that Diplomacy once more was up for play.
So they mustered up their forces, in for penny, in for pound,
'til all the hacks had gathered for the fray.
All the tried and noted stabbers from the nations near and far
had gathered round the game board for the fight.
For the rulers love hard talking, from the Archduke to the Tsar,
and the Sultan snuffs the battle with delight.
There was Kaiser John, who wore with style his Pickelhaulbe hat.
King Max's knife was itching in the dark.
But few were nicer Archdukes than when Sam was titled that.
The Old Man was personified by Mark.
Then Hywel the newly-minted pope turned up to try his hand,
no sooner he than Nick the Frog, he came,
and numbers were completed by Kevin of Russian land.
As finer bunch as ever played the game.
Just when you thought that my horrible massacring of rhyme and meter over the year couldn't get any worse, I'm back at it, warming up for Raptember with a little take off of the Banjo to commemorate the new email Diplomacy game that I've just starting up with some fellow Blaugustines and other members of EVAC. If all goes to plan, I'll be running this game for the next three or four months, giving me lots of gaming content to fill up the always difficult Thursday slot and lots of opportunities to turn my hand to the making of ditties.
It should be a nice chance for me to share my love of diplomacy with others without feeling conflicted about wanting to destroy them in order to win the game for myself, so I'll greatly enjoy watching all the diplomacy take place from the safety of the sidelines. And of course, since this is Diplomacy we're talking about, I'll probably spend a lot of time trying to soften the blows to shattered egos and attempting to reduce the number of international conflicts being solved by assassination.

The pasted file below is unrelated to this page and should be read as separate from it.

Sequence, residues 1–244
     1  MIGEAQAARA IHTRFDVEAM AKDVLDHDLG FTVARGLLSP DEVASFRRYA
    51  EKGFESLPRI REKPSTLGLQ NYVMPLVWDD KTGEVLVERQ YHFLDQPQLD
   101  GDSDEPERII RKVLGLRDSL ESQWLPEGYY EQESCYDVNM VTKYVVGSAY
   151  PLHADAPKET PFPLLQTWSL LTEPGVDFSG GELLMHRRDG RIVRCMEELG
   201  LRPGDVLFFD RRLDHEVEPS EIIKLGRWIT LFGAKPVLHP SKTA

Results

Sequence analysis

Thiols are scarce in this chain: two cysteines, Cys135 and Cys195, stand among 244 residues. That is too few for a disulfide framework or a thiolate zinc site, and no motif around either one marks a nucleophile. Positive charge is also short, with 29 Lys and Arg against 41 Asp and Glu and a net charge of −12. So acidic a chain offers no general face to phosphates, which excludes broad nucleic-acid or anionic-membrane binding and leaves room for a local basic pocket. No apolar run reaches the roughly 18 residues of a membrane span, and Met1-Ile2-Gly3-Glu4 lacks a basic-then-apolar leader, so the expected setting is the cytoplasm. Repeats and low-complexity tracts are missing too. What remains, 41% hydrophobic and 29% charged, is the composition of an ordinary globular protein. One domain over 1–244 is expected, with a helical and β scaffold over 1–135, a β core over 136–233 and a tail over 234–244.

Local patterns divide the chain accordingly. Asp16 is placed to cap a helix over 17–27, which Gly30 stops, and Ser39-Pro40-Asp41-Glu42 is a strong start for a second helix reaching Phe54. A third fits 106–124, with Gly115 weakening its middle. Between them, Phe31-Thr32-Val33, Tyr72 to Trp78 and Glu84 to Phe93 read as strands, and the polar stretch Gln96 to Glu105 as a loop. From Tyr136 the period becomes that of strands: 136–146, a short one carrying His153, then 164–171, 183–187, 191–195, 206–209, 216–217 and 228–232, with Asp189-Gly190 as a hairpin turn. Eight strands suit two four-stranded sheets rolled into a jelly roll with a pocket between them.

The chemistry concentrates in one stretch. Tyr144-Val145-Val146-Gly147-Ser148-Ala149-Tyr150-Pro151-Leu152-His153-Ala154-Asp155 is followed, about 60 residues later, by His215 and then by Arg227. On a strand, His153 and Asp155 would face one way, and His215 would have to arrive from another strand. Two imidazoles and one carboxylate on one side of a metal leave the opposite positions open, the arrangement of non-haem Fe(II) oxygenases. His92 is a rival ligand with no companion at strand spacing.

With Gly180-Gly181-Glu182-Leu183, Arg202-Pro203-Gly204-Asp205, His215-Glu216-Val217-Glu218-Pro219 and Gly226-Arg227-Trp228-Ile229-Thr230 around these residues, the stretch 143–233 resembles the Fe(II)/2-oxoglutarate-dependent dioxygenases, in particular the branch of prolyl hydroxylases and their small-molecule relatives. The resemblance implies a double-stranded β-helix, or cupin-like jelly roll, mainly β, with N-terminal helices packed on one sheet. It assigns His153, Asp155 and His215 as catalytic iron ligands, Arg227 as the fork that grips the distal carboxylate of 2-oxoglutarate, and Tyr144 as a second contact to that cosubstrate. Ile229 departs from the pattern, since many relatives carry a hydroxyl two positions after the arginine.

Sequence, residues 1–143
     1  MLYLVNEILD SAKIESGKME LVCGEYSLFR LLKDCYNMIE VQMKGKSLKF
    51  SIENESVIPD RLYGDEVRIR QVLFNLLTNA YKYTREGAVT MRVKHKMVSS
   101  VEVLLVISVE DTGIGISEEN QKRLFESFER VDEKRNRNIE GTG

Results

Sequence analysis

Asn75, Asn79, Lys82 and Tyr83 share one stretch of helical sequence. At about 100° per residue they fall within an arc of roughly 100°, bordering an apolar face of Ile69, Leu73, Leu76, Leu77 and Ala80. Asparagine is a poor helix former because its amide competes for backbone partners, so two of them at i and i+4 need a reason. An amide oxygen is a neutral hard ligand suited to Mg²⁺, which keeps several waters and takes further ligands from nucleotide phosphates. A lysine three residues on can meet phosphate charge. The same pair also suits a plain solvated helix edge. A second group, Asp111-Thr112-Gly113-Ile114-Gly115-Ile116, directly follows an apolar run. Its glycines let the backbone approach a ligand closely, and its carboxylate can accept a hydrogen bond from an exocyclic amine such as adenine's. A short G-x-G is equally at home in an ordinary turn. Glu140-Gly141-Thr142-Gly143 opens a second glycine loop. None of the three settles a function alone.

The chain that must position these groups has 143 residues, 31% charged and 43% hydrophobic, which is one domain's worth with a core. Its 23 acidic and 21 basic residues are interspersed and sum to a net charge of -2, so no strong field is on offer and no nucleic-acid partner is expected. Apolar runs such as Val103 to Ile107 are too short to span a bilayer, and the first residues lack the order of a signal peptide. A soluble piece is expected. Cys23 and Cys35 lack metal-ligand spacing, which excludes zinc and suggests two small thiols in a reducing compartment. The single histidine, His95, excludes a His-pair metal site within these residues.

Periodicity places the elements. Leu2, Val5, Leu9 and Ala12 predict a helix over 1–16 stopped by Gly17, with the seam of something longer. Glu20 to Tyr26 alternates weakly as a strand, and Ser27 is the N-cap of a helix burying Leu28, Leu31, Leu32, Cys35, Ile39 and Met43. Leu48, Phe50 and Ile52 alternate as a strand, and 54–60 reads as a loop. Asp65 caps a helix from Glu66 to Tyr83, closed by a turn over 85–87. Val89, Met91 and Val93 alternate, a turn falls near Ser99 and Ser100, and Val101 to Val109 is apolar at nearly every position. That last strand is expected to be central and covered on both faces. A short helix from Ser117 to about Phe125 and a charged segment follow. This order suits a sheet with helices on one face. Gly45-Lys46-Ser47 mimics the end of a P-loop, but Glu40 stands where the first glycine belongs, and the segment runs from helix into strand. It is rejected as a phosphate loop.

I don't have much more to say, so let me leave you with the opening lines of the textbook on the game, Richard Sharp's The Game of Diplomacy:
In a changing world, some things do not change. It may be fashionable to decry the simple Virtues, but we still like to find them in our friends. Loyalty, honesty, frankness, gratitude, chivalry, magnanimity - these are the hallmarks of the good friend, the good husband and father, the nice guy we all hope our daughters will marry.
In the amoral world of Diplomacy, however, they are the hallmarks of the born loser. If a fallen enemy reaches out a hand for assistance, the wise man lops it off. If a friend does you a good turn when you’re down, wait until he’s down, then beat him to death. If an ally asks for your help in planning the next season’s moves, give it freely and copiously, then do the reverse of what you agreed and let him take the counter-attack. Try to surround yourself with people who trust you, then let them down; find an ally who will gladly die for you and see that he does just that.
I love this game.